1980 – 2021


The attitude among Finnish political leaders remained benign also in the 1980s when the Ålander politicians strived to emphasize the separate character and status of Åland; the Province began for example to issue own stamps in 1984. During the preparations of a new Act on Autonomy in the 1980s the Ålanders emphasized that economic life in the Province differed from the equivalent in mainland Finland and stressed that taxes concerning Åland should therefore be decided upon and imposed exclusively by Åland. The representatives of the State rejected the proposal, but accepted a system which gave the Province a fixed share of the state budget every year. There was a long dispute about the quota (0,48 % or 0,45 %), until the lower one was agreed upon. When the new Act became effective in 1993 the postal services, public broadcasting and many social services were transferred from the State to the Province.

Finland had already applied for membership in the European Union when the new Act on Autonomy entered into force. Joining this vast free trade area was regarded as a threat in the Åland Islands, because it could mean the end of the vital tax-free sales for the shipping companies. The Provincial Government demanded that Åland would be granted an exemption, which was first agreed upon by the State and later also by the EU. A wording about the international judicial status of Åland was annexed to the treaty by the member states of the European Union. In the referendum, the inhabitants of the province supported membership in the EU by a 73,6 % share of votes. Thus, Åland became a territory outside the EU in terms of customs and taxation from 1st January 1995, which naturally caused practical problems for the entrepreneurs in the province.

Writer Anni Blomqvist from Åland in 1984. Photo: V.K. Hietanen. Finnish Heritage Agency.

Writer Anni Blomqvist from Åland in 1984. Photo: V.K. Hietanen. Finnish Heritage Agency.

Finland had already applied for membership in the European Union when the new Act on Autonomy entered into force. Joining this vast free trade area was regarded as a threat in the Åland Islands, because it could mean the end of the vital tax-free sales for the shipping companies. The Provincial Government demanded that Åland would be granted an exemption, which was first agreed upon by the State and later also by the EU. A wording about the international judicial status of Åland was annexed to the treaty by the member states of the European Union. In the referendum, the inhabitants of the province supported membership in the EU by a 73,6 % share of votes. Thus, Åland became a territory outside the EU in terms of customs and taxation from 1st January 1995, which naturally caused practical problems for the entrepreneurs in the province.

Tax-free sale could continue on the passenger ships calling a port on Åland, but it was not the only benefit of the EU-treaty. Minimum values for consignments subject to value added tax agreed upon with the state authorities opened possibilities to capitalize on the special EU-status of Åland. The postal services of Åland soon had a large logistics centre built for the purpose of tax-free deliveries outside the Åland Islands.Since Åland became part of the EU the representatives of the Province have repeatedly demanded a seat in the Parliament of the EU for a representative of Åland; currently Finland has 14 representatives there. Finland has rejected this request by referring e.g. to the small population of the province.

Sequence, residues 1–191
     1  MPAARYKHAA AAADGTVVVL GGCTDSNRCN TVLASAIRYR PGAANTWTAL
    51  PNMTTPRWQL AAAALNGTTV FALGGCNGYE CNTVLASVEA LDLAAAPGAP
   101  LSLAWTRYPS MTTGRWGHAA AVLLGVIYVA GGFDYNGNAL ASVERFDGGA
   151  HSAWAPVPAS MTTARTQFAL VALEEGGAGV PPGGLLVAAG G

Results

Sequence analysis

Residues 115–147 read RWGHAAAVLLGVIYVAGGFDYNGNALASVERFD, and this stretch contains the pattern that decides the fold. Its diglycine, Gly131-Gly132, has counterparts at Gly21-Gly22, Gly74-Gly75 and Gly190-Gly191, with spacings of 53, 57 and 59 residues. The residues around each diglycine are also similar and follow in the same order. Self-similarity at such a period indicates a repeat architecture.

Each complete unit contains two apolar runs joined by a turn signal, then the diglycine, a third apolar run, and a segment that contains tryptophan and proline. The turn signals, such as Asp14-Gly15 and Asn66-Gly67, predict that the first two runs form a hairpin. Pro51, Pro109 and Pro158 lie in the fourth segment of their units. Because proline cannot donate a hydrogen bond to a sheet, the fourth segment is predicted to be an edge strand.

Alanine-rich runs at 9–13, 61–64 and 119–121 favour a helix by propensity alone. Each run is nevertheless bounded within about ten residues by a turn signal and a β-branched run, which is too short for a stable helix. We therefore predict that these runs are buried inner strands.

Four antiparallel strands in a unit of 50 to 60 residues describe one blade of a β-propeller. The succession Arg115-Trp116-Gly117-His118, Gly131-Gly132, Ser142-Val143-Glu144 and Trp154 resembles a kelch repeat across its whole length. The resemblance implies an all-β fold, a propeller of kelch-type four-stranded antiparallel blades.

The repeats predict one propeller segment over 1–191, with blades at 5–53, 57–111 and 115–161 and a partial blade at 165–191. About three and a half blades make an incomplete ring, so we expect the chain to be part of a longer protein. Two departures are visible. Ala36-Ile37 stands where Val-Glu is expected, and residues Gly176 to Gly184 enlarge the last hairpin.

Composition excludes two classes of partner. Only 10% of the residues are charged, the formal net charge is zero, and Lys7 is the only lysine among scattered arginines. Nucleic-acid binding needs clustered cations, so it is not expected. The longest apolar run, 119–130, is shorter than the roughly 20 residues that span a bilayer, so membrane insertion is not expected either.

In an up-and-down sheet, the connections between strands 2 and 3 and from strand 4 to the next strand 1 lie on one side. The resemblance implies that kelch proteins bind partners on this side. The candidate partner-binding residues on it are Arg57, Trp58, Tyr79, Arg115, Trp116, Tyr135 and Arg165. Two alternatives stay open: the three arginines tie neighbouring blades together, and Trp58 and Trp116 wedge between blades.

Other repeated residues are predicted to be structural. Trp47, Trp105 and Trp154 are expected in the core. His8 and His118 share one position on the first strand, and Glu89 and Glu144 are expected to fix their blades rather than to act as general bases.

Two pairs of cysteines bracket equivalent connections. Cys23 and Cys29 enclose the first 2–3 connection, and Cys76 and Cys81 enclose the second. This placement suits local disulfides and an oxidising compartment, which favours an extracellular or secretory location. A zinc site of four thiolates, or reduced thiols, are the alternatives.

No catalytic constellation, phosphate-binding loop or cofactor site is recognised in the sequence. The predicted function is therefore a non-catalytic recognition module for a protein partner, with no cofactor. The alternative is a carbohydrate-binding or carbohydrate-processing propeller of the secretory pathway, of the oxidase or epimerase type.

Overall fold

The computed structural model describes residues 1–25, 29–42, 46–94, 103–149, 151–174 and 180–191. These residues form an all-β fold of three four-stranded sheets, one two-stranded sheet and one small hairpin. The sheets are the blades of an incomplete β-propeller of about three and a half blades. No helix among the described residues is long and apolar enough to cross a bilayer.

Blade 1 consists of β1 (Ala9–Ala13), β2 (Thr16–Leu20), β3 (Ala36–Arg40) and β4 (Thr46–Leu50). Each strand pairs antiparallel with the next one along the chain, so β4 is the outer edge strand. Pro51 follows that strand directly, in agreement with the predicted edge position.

Opinion polls have repeatedly showed that the inhabitants of the Province are satisfied with the status of the Åland Islands. However, there is dissatisfaction particularly among those who cherish the memories from the years of fight for annexation to Sweden. The Fria Åland party which campaigned in the 1980s for more extensive autonomy and independence for Åland remained a marginal phenomenon. The Ålands Framtid party, founded at the beginning of the 21st century, has fared better, however, and has today (2021) one representative in the Parliament of Åland. Reports compiled by Finnish and Swedish Professors on the prerequisites for the independence of the Åland Islands have also been published.

As the preparation of a new Act on Autonomy has started, the critical voices on Åland have been muted. A separate mandate to impose taxes, detached from Finnish taxation, remains an important objective for the Province of Åland, but the consequences for surrounding regions are difficult to assess. The hardening attitudes towards so-called tax havens will not necessarily promote acceptance of a pursuit towards a system where the State would only be responsible for foreign policy matters and the defense of Åland. (Ålanders are exempt from conscription.)

During the last decades, the Åland Islands dispute and the resulting autonomy have been marketed as a peaceful solution model for crises (Ålandsexemplet). The Head of State and Government of Finland have, at the request of Ålanders, taken part in these pursuits, which have been promoted especially by Ålands fredsinstitut (the Peace Institute of Åland). However, it is not easy to apply this model to crises of a quite another character, aggravated by old animosities.

At the end of the period of Soviet socialism, the Baltic Sea was marketed as a Sea of Peace. Recent developments are not in line with this admirable vision. Military tensions have grown in the Baltic Sea during the 21st century and even Åland is affected. Russia decided to reopen its consulate in Mariehamn in 2003 (inactive since 1997), which reflects the growing interest of a great power. The demilitarization of Åland has, however, worked well during periods of peace. Unfortunately, that has not been the case during wars.

Skip to content